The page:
I’m not going to lie though, there have been many a time when the self-doubt sets in and I question and/or regret every single thing I’ve ever done as an engineer. Lately, I’ve been finding relief in the idea that “everything is temporary”.
Is there anything you struggled with (or even still do struggle with) being in the industry? What is the best part of your job? Why?
I struggle with the capitalism part. It really bums me out. Also, the misogyny part can be quite draining. Also dealing with gear snobs/elitists/mansplainers.
The best part of my job is a lot of parts. One is the fact that I can use the studio whenever it's available! If 20 year old me knew this would be true for 31 year old me, 20 year old me’s head would have exploded.
Another best part is catching a vibe with a client I’ve only just met. It is a special feeling to make a new friend through making music!
What is something you wish you knew before taking on your first professional role in the music industry?
I wish I knew that drums do not naturally sound as they do on most pop punk records I grew up listening to. Lol.
What would you say are some of your success habits?
Trusting my intuition, being kind, and working hard always.
Is there someone who you consider as your mentor in the industry?
Terri Winston (WAM), Patrick Brown, Jack Shirley (Atomic Garden East), Brad Dollar, and Sean Green (our studio tech) are all people I often go to when I have questions, need advice, or just want to vent a lil’ bit.
What advice do you have for women who want to get their start in the music industry?
Do it! The only way to get better
is to dive right in. Don’t be discouraged by your mistakes, learn from them. Most importantly, trust your intuition and be kind to yourself.
Have you ever been turned down or not taken seriously because you were a female in the industry? What did you do when put into that position?
Definitely. When that happens I just try my best to think about all the other people I’ve been lucky to work with that aren’t complete dingle berries.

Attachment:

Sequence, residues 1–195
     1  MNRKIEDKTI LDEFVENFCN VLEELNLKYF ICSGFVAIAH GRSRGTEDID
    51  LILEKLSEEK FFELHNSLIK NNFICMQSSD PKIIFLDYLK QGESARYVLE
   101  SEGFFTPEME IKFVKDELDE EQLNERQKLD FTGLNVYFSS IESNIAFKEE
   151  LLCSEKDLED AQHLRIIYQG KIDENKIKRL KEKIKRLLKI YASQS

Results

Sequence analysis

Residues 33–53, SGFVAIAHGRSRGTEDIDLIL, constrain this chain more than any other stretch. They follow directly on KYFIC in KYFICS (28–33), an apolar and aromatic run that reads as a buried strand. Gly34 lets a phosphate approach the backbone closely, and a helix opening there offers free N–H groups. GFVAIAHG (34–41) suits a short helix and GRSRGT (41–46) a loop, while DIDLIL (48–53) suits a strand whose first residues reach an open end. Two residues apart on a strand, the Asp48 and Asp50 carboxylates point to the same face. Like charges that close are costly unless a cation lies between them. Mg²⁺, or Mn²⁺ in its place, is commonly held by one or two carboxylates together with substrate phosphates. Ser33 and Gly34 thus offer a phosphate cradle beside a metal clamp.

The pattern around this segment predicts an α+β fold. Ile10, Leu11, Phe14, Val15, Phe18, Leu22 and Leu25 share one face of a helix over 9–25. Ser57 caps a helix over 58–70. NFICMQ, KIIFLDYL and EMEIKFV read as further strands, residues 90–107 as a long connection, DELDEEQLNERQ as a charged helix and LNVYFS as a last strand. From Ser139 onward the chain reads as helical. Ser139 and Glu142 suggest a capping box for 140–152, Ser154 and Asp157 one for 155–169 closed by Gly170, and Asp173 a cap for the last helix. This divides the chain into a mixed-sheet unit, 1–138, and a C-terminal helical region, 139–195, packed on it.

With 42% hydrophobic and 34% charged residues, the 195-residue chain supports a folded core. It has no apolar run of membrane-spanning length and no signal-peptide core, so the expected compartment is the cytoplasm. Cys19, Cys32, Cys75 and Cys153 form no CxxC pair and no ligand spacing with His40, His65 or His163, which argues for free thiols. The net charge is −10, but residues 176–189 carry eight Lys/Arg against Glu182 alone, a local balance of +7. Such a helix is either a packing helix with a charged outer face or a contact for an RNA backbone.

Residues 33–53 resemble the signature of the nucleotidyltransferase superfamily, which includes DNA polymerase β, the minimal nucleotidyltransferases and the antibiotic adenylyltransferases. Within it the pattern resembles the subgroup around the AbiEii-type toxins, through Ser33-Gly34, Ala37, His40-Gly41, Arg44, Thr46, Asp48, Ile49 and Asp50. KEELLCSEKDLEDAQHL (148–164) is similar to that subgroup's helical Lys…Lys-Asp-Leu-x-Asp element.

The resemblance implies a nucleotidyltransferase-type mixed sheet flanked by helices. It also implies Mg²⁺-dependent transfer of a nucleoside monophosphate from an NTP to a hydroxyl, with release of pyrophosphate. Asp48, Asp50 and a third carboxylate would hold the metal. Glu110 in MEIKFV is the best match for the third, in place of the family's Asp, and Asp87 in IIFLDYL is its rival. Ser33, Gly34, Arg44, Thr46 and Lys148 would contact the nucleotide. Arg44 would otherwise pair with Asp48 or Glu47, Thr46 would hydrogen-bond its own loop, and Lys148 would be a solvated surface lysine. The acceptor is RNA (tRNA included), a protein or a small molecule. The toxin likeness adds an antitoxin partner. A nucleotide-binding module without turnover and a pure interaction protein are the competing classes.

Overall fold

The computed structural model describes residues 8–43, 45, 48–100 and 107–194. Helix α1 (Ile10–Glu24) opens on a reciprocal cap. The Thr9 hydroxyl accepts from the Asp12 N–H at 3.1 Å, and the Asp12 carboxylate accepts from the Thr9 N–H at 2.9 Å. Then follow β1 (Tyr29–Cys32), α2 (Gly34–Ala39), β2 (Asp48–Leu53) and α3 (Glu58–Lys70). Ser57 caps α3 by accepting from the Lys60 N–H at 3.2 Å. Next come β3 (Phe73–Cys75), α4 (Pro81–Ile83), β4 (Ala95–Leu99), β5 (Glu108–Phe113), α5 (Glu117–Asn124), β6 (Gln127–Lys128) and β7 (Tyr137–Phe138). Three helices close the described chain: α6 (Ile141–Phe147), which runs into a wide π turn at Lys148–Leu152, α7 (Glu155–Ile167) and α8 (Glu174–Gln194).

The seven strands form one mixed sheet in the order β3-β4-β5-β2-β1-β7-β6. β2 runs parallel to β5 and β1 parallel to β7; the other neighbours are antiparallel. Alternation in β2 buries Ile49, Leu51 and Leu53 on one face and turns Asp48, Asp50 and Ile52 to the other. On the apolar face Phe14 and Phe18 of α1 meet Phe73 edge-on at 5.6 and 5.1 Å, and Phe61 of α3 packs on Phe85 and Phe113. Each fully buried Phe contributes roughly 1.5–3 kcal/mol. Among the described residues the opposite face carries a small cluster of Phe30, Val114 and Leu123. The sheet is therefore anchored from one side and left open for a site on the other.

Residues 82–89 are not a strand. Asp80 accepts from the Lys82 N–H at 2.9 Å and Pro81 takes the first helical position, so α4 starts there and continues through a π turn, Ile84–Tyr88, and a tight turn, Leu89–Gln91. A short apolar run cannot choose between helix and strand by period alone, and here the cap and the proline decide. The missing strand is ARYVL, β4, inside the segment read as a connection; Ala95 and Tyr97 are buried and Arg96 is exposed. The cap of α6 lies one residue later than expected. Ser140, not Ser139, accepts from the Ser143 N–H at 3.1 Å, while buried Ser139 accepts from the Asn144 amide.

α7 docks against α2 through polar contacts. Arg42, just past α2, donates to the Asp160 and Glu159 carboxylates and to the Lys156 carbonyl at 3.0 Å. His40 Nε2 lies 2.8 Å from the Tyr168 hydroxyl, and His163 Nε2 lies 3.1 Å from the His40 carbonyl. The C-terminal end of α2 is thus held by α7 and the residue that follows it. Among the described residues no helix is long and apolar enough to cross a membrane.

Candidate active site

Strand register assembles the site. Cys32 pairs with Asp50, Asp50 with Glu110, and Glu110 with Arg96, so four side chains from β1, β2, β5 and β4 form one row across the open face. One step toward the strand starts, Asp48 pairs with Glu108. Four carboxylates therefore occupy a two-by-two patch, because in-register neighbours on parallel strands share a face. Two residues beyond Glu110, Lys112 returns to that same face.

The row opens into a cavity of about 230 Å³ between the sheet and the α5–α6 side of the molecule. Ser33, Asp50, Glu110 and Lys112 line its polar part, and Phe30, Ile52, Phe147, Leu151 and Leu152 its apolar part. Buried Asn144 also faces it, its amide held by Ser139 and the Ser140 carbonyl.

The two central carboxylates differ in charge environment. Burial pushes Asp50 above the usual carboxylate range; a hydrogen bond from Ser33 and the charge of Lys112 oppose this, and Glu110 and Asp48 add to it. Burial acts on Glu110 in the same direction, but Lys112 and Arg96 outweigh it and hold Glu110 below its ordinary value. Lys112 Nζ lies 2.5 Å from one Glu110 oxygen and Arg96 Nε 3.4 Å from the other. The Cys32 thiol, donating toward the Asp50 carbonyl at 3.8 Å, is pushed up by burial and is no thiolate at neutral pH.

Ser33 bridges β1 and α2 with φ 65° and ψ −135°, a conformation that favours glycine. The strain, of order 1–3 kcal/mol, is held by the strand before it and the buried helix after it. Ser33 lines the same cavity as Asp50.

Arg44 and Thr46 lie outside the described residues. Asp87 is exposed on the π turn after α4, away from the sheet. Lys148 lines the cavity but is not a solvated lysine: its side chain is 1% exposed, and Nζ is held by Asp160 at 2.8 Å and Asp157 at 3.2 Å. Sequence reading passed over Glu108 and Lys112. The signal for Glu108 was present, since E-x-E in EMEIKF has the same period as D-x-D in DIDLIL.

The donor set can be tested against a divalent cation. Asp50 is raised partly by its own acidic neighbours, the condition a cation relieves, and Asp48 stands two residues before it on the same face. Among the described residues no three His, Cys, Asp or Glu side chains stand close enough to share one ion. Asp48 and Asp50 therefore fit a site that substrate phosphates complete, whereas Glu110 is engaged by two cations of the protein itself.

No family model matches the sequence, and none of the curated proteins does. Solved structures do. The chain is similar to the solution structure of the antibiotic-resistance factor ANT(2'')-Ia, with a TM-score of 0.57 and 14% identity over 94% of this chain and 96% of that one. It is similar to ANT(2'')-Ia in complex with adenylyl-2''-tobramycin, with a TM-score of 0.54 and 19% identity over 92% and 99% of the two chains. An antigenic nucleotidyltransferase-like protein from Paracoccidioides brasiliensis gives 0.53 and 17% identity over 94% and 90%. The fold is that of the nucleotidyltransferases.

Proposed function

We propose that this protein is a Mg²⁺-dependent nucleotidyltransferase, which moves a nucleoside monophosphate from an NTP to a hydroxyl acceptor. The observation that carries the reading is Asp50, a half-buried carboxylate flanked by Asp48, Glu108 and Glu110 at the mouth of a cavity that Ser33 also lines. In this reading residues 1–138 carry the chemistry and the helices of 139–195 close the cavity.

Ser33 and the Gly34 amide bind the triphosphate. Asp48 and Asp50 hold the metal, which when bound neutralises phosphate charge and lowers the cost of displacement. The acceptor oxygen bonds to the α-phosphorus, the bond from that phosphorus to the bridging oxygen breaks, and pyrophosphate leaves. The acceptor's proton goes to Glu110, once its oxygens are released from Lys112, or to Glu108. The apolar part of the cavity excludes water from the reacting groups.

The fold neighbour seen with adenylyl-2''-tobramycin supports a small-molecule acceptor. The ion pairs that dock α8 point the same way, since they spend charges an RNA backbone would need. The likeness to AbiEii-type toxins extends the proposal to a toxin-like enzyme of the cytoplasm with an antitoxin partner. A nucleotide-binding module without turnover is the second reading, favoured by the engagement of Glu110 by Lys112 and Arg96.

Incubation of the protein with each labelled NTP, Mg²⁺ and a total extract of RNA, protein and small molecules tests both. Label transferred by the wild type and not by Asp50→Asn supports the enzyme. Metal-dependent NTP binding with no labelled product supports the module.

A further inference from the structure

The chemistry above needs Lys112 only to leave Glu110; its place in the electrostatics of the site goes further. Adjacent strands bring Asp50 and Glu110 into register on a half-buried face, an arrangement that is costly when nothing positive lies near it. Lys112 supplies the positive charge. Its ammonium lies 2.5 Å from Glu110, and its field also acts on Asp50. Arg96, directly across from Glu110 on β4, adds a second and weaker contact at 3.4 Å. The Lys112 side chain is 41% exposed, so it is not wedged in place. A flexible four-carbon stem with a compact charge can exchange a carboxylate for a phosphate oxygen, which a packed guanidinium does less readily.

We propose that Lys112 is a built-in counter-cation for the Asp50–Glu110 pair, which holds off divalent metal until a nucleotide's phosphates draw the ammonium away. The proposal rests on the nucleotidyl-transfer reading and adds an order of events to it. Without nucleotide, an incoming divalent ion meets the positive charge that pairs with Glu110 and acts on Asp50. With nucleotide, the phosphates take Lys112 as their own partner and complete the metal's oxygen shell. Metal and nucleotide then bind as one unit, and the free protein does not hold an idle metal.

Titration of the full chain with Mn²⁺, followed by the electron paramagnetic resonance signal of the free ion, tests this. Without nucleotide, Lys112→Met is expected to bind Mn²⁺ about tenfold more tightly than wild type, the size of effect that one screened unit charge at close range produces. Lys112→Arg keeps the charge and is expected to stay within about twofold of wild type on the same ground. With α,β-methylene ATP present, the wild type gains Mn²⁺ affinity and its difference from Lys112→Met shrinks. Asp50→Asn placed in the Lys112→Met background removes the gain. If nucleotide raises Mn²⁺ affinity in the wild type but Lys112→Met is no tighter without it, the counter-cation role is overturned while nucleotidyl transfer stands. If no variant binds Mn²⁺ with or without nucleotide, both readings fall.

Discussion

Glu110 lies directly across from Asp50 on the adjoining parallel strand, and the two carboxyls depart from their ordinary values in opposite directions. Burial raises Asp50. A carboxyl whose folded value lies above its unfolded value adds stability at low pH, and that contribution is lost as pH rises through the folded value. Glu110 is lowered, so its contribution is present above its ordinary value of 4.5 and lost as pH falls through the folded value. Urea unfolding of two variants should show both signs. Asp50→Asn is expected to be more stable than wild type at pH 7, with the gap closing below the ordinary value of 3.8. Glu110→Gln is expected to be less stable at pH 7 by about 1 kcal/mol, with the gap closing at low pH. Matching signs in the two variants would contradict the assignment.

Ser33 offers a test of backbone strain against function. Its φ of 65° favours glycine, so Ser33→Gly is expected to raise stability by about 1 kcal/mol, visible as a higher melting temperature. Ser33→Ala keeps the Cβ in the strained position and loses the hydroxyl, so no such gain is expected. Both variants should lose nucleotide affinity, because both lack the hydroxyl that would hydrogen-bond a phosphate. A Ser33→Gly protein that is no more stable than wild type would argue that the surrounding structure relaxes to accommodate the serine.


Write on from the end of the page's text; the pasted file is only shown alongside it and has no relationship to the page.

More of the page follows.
What are some of your other hobbies? What do you do in your free time (which we know can be very hard to find)?
I love basketball. Shooting hoops is how I meditate. I’ve also recently gotten back in to running which has been somewhat of a surprise to me because I used to dislike running very much.
Who is your all-time favorite artist?
Can I pick two? I hope so. Paramore and The Breeders.
What is something you can't live without?
My Last Splash CD in my car :) lol
Go-to Karaoke song? Believe by Cher. Always a crowd pleaser and pretty easy tune to sing. Tea or Coffee?
Devin Booker. He is my basketball bae.
What would you say your superpower is?
I am a very fast walker.
First concert you went to? Good Charlotte, Mest, and Something Corporate at the Aragon Ballroom in Chicago. What’s something that you always have on you?
Studio phone, my phone, wallet, keys, mask (I say this to myself every time I leave my apartment)
Who is your dream artist or band to work with?
What does a typical day at work look like for you?
Get to studio an hour before session start time (sometimes more if there is extensive set up that I haven’t been able to do ahead of time), unlock studio, sweep front door area, clean bathroom, greet client, get to work, break down session, take trash out, lock up, go home :)
Where do you see yourself in five years?
Happy, healthy, living in SF with my partner and cat :) Hopefully with many more records under my belt.
What do you hope to see done in the industry within the next few years? Well for starters, this
Also I’d like for major labels to not operate so ass-backwards re: paying for studio time What are you most proud of? Earning others’ trust. I am also really proud of my Dad for getting his master’s degree in teaching at 62!!
Lastly, what saying do you live by?
Everything is temporary.